interest loans to family members.

Just make sure all
parties are aware of any risks. You don't want to alienate
your family if the business falls on hard times and you
have trouble repaying the loan.

==> Personal Savings

You can use your personal savings or assets that can be
converted to cash. If your savings are already low, put off
that vacation, drive your old car a bit longer, avoid large
purchases -- be thrifty in all areas and you can save
faster for your business. Keep in mind that most lenders
won't finance 100 percent of your business, so you'll need
to invest some money yourself.

==> Line of Credit

If you have good credit, you may be able secure a line of
credit from your bank. This can be handy in providing you
with a source of working capital in the opening round of
your business.

==> Bank Loan

Using collateral, such as the equity in your home, you can
approach your bank for a loan against your business. This
may or may not be an option for you, since some banks
prefer to separate personal equity from business debt.

==> Venture Capital

People with lots of money love to make lots more money.
Your job is to convince venture capital providers that you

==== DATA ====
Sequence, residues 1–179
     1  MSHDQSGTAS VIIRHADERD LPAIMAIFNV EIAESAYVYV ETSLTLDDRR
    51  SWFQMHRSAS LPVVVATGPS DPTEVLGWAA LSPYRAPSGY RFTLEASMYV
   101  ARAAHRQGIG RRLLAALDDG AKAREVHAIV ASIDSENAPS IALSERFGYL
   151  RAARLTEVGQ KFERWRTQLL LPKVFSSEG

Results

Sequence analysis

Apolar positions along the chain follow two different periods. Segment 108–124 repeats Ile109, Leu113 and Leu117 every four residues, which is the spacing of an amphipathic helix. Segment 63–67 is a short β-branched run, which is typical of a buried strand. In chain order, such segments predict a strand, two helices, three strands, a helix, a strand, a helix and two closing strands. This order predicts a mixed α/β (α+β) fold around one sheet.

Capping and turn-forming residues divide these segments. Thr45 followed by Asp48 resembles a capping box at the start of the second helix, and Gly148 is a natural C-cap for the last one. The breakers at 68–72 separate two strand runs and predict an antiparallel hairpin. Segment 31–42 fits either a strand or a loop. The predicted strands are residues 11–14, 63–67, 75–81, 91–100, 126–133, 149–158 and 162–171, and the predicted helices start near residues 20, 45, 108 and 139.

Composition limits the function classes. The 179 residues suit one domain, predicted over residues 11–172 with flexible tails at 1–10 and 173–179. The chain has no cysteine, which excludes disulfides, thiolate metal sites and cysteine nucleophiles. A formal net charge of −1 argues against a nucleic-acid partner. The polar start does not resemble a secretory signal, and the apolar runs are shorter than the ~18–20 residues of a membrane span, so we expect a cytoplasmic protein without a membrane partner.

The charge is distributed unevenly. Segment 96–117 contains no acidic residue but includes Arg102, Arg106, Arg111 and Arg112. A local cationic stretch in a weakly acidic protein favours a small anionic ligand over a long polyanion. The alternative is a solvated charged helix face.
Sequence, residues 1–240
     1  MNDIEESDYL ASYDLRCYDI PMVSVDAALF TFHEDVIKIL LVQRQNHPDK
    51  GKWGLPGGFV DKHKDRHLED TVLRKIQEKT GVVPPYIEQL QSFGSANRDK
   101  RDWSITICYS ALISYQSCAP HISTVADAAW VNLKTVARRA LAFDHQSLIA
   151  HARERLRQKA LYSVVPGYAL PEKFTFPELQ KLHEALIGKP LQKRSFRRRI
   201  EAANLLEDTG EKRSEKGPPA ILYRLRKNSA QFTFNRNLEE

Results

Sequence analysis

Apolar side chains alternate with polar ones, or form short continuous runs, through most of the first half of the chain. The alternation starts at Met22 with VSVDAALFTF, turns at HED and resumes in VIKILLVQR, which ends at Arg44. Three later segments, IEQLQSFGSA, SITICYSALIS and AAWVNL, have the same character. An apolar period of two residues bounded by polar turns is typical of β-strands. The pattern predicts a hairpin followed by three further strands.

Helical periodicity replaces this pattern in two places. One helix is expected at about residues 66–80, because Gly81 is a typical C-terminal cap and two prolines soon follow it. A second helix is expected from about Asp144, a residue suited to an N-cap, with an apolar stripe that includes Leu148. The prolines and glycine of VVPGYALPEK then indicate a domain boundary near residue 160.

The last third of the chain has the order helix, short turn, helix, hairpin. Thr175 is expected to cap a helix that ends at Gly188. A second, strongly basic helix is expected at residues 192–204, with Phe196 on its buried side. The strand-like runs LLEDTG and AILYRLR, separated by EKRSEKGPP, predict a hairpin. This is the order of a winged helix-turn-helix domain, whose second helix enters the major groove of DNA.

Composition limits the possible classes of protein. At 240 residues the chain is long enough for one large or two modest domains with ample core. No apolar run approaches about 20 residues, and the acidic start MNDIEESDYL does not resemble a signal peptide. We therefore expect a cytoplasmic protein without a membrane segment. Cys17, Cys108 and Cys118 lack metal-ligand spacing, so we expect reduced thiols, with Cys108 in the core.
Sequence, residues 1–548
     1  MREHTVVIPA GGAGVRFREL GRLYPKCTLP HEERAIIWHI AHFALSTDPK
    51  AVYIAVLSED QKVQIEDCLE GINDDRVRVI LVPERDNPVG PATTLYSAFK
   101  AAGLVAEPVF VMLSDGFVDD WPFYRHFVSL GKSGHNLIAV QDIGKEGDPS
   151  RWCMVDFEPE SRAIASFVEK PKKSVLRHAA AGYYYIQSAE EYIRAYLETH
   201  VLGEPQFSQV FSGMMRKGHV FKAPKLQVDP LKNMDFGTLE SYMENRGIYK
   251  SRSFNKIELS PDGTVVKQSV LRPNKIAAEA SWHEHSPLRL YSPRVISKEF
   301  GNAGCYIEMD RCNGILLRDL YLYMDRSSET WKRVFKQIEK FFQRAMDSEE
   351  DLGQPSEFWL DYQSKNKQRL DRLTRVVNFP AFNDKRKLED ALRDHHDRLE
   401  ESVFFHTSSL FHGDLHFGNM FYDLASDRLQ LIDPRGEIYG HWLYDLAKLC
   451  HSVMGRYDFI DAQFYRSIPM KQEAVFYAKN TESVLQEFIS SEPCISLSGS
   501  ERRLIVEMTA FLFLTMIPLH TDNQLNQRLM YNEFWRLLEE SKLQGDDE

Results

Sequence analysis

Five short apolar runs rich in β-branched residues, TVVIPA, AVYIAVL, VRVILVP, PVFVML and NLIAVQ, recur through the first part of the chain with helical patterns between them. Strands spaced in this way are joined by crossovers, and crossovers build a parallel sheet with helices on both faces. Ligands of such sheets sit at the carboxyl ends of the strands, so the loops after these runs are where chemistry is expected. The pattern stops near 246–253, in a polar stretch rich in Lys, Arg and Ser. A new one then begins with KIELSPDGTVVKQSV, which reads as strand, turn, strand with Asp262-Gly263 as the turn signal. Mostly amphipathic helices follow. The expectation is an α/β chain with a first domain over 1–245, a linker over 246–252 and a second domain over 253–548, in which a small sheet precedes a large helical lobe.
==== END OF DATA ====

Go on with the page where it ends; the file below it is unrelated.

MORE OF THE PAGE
and your business can help them make lots more money.

You must be able to show you've got a real winner. You
must do it without fluff or a "come on, dream with me"
embellishment. Therefore, you need a business plan. A
good one that shows you've done your homework and know
the "lay of the land."

Venture capital providers want to be sure their investment
is sound. They generally do this by taking ownership over a
pretty big part of the company, and often require control
of major portions of the business. This is so they can look
after their investment.

Do they mess around with the little guy? On the whole,
they don't want to fool around with little investments and
they are bully on companies that have high-growth
potential. Gotta think big with these guys!

A few sites that help businesses and capital providers
meet are vCapital.com, BusinessFinance.com,
and vFinance.com.

==> Angels

An angel, or private investor, is a person looking for
good investment vehicles. This person could be your next
door neighbor, your dentist, or a local business owner.
Overall, angels are not loan-makers, they are investors.
As such, the degree of control and terms under which you
receive seed money for your business will depend on the